Cluster, mute, smear, rangy, scream, coo, blast. Saxophonist and composer Neil Welch is an active mover of modern improvisation. Approaching the instrument as more a textural tool, Welch’s “powerful, virtuosic, cutting-edge music” (All About Jazz) is not easy. Often highly polarizing, Welch’s music was called a “superior work of art” (All About Jazz) and “completely devoid of melody, rhythm, or that thing called listenability — not music” (Jazz Weekly). As his sound continues to evolve with each performance, Welch’s audiences often become fervent devotees or absolute critics.
An early jazz purist while in grade school and high school, Welch received the “Outstanding Tenor Soloist” award from Jazz at Lincoln Center, among numerous regional awards throughout the Northwest. From 2006-2010 Welch studied classical Hindustani improvisation from the master sitarist Pandit Debi Prasad Chatterjee. This rigorous study instilled an interest in prism-like sound resonance that continues to greatly influence Welch’s approach to his instrument and compositional style. In 2008 Welch released his first critically acclaimed album, Narmada, which DownBeat Magazine said “combined mysticism with ferocity…and unwillingness to compromise.” Later in 2008 Welch was named “Emerging Artist of the Year” by the Earshot Jazz Society.
In 2010, Welch and his wife struck out across all of the lower 48 in their 78 VW bus. On returning from this 18,000 mile journey and seeking more isolation, they moved into the woods on Whidbey Island near Seattle, WA where he and his wife currently make their home. It was during this period of artistic isolation that Welch’s playing began to change dramatically, and solo avant music became a major artistic focus. Returning fully to the Seattle scene in 2010, he helped form the weekly avant garde performance series Racer Sessions, currently thriving in the revived Seattle experimental scene. As a natural offshoot to this series, in 2011 Welch worked with many of the Racer Sessions collaborators to launch the avant record label Table and Chairs Music. T&C has released over 15 albums to date, including Welch’s albums Bad Luck Two (2011), Boxwork (2011),Iron Creek (2011), Sleeper (2011), and the Bloodroot EP (2012).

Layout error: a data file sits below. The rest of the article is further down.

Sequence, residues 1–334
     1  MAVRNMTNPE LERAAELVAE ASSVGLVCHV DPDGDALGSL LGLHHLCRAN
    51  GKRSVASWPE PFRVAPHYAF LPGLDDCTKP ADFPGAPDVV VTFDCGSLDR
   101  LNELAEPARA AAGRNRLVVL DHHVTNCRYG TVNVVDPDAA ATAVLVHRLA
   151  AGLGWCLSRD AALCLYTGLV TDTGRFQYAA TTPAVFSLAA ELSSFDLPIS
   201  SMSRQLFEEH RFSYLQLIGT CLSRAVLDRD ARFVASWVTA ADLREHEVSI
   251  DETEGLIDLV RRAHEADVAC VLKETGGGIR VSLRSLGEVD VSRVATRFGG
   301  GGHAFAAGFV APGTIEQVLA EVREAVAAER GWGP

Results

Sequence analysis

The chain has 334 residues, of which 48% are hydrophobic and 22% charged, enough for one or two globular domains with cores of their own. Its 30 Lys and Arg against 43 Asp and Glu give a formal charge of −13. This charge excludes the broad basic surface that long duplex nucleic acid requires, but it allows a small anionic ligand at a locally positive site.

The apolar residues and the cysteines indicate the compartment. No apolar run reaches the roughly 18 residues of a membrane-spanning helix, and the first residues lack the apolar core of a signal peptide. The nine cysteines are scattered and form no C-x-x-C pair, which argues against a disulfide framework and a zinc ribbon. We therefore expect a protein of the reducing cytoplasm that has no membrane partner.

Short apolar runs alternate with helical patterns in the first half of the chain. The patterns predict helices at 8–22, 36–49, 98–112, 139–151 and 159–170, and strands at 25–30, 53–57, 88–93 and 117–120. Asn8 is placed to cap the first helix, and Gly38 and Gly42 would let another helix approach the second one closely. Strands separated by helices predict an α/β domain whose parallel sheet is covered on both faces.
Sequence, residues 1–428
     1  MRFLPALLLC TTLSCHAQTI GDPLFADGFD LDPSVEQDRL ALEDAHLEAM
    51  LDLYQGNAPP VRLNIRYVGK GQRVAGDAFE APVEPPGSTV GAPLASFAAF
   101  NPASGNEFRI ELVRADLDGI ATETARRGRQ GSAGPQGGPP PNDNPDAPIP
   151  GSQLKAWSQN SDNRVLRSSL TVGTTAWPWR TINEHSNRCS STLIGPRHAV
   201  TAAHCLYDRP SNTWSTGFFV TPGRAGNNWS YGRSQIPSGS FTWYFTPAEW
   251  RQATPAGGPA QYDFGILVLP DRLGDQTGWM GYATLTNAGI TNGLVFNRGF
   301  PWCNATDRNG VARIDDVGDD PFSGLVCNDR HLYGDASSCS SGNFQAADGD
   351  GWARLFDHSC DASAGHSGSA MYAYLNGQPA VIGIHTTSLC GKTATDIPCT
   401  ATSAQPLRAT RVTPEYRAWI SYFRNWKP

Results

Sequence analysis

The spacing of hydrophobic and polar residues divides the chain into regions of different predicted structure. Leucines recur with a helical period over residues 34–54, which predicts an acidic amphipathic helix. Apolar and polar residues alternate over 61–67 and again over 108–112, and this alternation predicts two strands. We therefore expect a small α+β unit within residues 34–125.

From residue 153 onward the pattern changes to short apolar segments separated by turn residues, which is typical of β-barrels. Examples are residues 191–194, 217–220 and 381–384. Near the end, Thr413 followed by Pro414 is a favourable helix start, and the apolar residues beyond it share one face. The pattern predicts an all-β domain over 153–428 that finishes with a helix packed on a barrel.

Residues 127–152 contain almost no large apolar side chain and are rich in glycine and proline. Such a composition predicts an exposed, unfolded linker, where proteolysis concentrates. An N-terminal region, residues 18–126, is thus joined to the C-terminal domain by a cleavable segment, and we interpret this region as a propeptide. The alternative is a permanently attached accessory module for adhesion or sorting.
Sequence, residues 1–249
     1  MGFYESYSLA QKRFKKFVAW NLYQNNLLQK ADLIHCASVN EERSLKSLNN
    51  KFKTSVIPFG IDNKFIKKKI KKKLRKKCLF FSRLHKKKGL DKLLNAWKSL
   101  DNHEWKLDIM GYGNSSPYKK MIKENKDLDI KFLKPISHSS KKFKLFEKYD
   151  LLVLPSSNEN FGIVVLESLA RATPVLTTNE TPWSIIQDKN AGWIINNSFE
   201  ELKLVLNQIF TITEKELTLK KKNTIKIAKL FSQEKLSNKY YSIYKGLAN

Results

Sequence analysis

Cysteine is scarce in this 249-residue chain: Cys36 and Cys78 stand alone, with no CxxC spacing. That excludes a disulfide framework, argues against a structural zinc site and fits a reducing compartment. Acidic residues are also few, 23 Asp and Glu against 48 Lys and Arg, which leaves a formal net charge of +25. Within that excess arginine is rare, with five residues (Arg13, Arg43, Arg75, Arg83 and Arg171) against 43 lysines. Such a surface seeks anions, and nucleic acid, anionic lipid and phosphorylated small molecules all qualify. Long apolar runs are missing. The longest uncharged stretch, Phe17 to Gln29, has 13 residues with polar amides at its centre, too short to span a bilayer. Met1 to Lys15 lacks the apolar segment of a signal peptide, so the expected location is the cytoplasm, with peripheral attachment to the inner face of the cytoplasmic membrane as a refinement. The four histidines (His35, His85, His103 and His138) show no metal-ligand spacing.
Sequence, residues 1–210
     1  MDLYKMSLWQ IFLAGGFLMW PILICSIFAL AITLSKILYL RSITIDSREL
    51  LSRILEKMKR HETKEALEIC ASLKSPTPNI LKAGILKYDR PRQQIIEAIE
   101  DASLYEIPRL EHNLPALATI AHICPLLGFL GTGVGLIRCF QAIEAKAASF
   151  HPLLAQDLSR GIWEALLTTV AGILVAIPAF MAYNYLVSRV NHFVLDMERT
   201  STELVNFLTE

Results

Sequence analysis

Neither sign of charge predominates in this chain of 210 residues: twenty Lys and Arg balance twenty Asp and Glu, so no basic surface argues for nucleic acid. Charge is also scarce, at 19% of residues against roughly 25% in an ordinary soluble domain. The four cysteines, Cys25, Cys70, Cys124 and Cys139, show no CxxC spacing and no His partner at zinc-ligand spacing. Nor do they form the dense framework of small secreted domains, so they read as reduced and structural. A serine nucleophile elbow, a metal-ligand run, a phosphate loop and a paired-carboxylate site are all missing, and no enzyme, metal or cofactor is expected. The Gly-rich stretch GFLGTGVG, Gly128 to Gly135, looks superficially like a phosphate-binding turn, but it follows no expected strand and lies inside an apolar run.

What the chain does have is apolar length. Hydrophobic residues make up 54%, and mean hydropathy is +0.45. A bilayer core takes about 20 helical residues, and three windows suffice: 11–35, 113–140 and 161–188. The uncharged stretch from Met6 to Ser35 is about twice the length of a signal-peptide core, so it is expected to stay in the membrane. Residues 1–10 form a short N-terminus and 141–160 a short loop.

Welch’s acoustic/electronic project Bad Luck was awarded “Outside Artist of the Year 2009” by Earshot Jazz. Co-led for over 8 years with drummer Chris Icasiano, Bad Luck is a powerhouse duo with three releases to date. Their 2011 release Bad Luck Two was named “Album of the Year 2011” by the New York Jazz Review. Welch’s debut solo saxophone album Boxwork was named in the top 10 albums of 2012 by All About Jazz. In addition to performing, Welch is a devoted improvisation educator. Along with his busy private studio, Welch is an educator for the Seattle Repertory Jazz Orchestra “Jazz Scholars” nonprofit program, which places jazz educators in the classroom with at-risk youth.
Welch has six albums and one full-length EP, spanning a wide range of compositional styles and sound color. Narmada (2009), Bad Luck (2010), Boxwork (2011), S
“An impassioned tenor player, he combines mysticism with ferocity”—Downbeat Magazine
“A colorful world…evolving, surprising”—Cadence Magazine